A craniopharyngioma is a relatively rare, benign tumor that develops near the pituitary gland at the base of the brain. Craniopharyngiomas occur in both adults and children and affect males and females equally.
Although they’re benign, craniopharyngiomas can behave a bit like malignancies — when they grow they can press on and sometimes invade nearby healthy brain tissue. They can press on the optic nerves and cause problems with vision or invade the hypothalamus and pituitary gland and cause problems with hormones. (see Symptoms of Craniopharyngioma). The tumor can usually be successfully removed surgically, but it sometimes recurs and so patients must be monitored carefully in the years after surgery (see Surgery for a Craniopharyngioma). However, with complete surgical removal, craniopharyngiomas can be cured and the goal of treatment is either cure or lifelong tumor control.
What Causes Craniopharyngiomas?
Researchers don’t know exactly how or why these tumors occur, but they are thought to develop out of cells left over during fetal development — possibly from a structure called the Rathke pouch. There does not seem to be any genetic cause, and the tumors don’t run in families. There is no known way to prevent a craniopharyngioma.
Our Care Team
- Chairman and Neurosurgeon-in-Chief
- Margaret and Robert J. Hariri, MD ’87, PhD ’87 Professor of Neurological Surgery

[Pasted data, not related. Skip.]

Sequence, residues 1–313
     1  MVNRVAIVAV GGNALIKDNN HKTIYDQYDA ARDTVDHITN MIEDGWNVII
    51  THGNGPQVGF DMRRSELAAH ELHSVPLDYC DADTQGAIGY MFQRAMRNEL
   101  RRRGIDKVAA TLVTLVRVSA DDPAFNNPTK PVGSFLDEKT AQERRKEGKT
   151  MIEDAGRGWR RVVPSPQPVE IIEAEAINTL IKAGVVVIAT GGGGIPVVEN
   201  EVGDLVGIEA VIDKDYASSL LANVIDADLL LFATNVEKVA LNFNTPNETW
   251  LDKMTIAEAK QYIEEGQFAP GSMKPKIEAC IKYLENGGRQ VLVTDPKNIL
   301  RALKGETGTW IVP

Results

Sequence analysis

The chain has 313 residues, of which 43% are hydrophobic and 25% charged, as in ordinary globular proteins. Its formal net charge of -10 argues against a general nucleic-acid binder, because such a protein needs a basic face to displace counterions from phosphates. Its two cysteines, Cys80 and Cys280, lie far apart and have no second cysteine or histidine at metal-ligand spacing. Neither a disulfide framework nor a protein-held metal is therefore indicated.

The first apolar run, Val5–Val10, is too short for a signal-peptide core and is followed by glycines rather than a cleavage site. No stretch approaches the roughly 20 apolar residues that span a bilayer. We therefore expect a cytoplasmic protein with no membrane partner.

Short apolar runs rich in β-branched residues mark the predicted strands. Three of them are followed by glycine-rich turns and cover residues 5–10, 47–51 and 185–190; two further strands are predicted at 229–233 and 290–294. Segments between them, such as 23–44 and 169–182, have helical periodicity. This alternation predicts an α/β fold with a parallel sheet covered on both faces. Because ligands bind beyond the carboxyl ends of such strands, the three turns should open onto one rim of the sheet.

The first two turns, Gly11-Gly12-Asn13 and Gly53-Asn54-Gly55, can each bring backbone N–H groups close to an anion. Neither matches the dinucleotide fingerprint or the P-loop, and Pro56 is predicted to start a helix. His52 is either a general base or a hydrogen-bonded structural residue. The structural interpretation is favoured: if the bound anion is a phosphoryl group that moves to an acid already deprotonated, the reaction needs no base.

- Vice Provost of Business Affairs and Integration
- Vice Chair for Clinical Research
- David and Ursel Barnes Professor in Minimally Invasive Surgery
- Professor of Neurosurgery, Neurology, and Otolaryngology
- Director, Center for Epilepsy and Pituitary Surgery
- Co-Director, Surgical Neuro-oncology
- Assistant Professor of Neurological Surgery
- Leon Levy Research Fellow
- Feil Family Brain and Mind Research Institute
- Assistant Professor of Neuroendocrinology in Neurological Surgery, Weill Cornell Medicine
- Vice Chairman for Academic Affairs
- Professor of Neurological Surgery, Pediatric Neurosurgery
- Associate Residency Director
- Director, Neurosurgical Radiosurgery
- Professor of Clinical Neurological Surgery
- Robert G. Schwager, MD ’67 Education Scholar, Cornell University
- Chief of Neurological Surgery, NewYork-Presbyterian Queens
- Co-director, Weill Cornell Medicine CSF Leak Program
- Chief of Neurological Surgery, NewYork-Presbyterian Brooklyn Methodist
- Professor, Neurological Surgery
- Director, Brain Metastases Program
- Co-director, William Rhodes and Louise Tilzer-Rhodes Center for Glioblastoma
- Vice Chairman, Neurological Surgery
- Director, Pediatric Neurological Surgery
Reviewed by: Theodore Schwartz, M.D.
Last reviewed/last updated: September 2023
Illustration by Thom Graves, CMI